Without that right being exercised, the ‘blame Brussels’ culture will continue with national Ministers obscuring their own role in the making of laws that directly affect their citizens. Yes, decision making between 27 member states is complex and challenging but if the EU wants to make its sometimes elusive legitimacy become more real in the eyes of its citizens, it has to confront those challenges.

But progress, even if slow, is being made. This summer I was happy to welcome some small steps in the right direction:

In July, the Council under the German Presidency announced improvements to its rules, including measures proactively to publish:

  •  progress reports addressed to Coreper, where EU ambassadors meet, on negotiations on draft laws;
  •  the initial Council mandate even at Coreper level;
  •  the four-column document for trilogues, containing the initial positions of the institutions, however without the 4th column which shows amendments being made over the course of the negotiations;

I wish to thank the German Presidency for this progress, no doubt in the face of some resistance.

Also in July, after the Council rejected my recommendations in a case concerning the annual negotiations on fishing quotas, the Commission announced that it would start proactively publishing some Commission documents related to the decision-making process through which Member States agree and allot the fishing quotas for each year, another hugely important issue.

There is a lot we can do to make progress in Brussels, but the national input is vital. A few years ago, I visited Berlin and met with several Members of the Bundestag. I emphasised to them that the best way to find out what national Ministers are saying and voting in Brussels is for their national parliaments to hold them to account. At the very least, the public should understand that ‘Brussels’ is not an abstract community of ‘faceless bureaucrats’  Brussels rather is also Paris and Berlin and Bratislava and Athens and the Ministers of every other member state involved in making the decisions that at times national Ministers attempt to blame Brussels for.

Another way to increase the accountability of the legislative process is to install safeguards against undue influence. I applaud the German Presidency for not accepting any corporate sponsorship and I am pleased to hear that the Council Secretariat is considering drafting guidelines on the matter, following an inquiry by my Office based on a complaint from a German NGO.

The EU has also worked on accountability through the Transparency Register for lobbyists, now under review. The rationale behind the register is plainly written on its website, in a nice example of citizen friendly clear writing. It states that:

“Citizens can, and indeed should, expect the EU decision-making process to be as transparent and open as possible. The more open the process is, the easier it is to ensure balanced representation and avoid undue pressure and [...] privileged access [...]. Transparency is also a key part of encouraging European citizens to participate [...] in the democratic life of the EU.”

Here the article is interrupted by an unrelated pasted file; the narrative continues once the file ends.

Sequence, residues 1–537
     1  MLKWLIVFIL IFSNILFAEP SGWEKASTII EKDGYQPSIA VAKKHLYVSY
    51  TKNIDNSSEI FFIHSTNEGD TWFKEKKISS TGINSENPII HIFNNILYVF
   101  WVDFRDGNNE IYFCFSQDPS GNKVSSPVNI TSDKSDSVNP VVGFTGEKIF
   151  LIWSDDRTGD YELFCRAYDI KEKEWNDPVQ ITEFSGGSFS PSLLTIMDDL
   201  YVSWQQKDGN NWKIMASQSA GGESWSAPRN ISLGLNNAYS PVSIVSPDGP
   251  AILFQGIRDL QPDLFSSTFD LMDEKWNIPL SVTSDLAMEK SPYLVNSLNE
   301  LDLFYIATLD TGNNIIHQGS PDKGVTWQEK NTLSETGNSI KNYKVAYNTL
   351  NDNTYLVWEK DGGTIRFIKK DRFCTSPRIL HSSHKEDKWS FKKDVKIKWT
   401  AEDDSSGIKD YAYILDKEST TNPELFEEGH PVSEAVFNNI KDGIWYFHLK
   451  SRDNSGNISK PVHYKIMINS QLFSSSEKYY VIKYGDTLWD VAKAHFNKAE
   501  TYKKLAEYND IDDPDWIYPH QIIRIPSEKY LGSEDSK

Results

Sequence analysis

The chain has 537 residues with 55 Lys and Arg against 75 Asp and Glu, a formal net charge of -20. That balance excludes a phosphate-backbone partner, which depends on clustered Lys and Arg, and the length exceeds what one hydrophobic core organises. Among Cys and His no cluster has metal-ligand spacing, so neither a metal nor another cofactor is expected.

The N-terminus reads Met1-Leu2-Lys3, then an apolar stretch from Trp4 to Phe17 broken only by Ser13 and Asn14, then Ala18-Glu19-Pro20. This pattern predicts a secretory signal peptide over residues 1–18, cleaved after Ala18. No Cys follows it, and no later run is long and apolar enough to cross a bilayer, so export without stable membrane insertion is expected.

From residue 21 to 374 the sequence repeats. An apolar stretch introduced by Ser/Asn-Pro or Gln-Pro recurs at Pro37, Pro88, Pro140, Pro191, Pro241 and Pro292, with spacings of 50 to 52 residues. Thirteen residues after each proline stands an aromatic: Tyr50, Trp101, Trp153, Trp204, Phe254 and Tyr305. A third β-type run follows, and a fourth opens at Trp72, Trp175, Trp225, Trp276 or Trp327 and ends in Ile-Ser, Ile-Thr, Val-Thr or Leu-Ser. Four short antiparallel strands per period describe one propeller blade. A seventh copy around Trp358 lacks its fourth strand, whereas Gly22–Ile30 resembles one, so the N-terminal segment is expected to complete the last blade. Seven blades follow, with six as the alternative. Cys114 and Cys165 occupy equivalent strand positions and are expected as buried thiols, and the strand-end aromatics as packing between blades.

The work of lobbyists is legitimate and an important part of the democratic process. However, the public interest is served only if their work and its impact is capable of being assessed.

The current EU Transparency Register is already a good start but the revision could take note of points my office has consistently made. Any negotiated revision of the register should:

  •  contain full funding transparency of all interest groups;
  •  have improved data accuracy, improved monitoring and improved sanctioning;
  •  include law firms who lobby;
  •  refer to the right to complain to the Ombudsman.

The definition of lobbying should also be sufficiently wide and I was encouraged to hear this week that the negotiations are heading in the direction of a wide definition. This takes on additional relevance during the pandemic as lobbying has to take place in more indirect ways.

Lobbying also happens through the national capitals. Now that Berlin is discussing its own possible lobby register, German leaders may wish to take inspiration from the EU in this area.

The Commission recently published its Strategic Foresight Report, which provides a longer-term perspective on EU policymaking and adds resilience as a required component. It reads:

“Resilience is the ability not only to withstand and cope with challenges but also to undergo transitions in a sustainable, fair, and democratic manner.”

If the EU is to become more resilient, the EU administration must become more resilient in terms of transparency, ethics and democratic accountability. My job, with your help, is to help the EU administration become more resilient.

Finally, I wish to pay tribute to the European Movement and Transparency International, both in Berlin or Brussels. We have worked well together, and you have always been strong and influential supporters of greater democratic participation in the EU, I wish you well in your future work and great resilience as you face its challenges.

Thank you for your attention.

I look forward to our discussion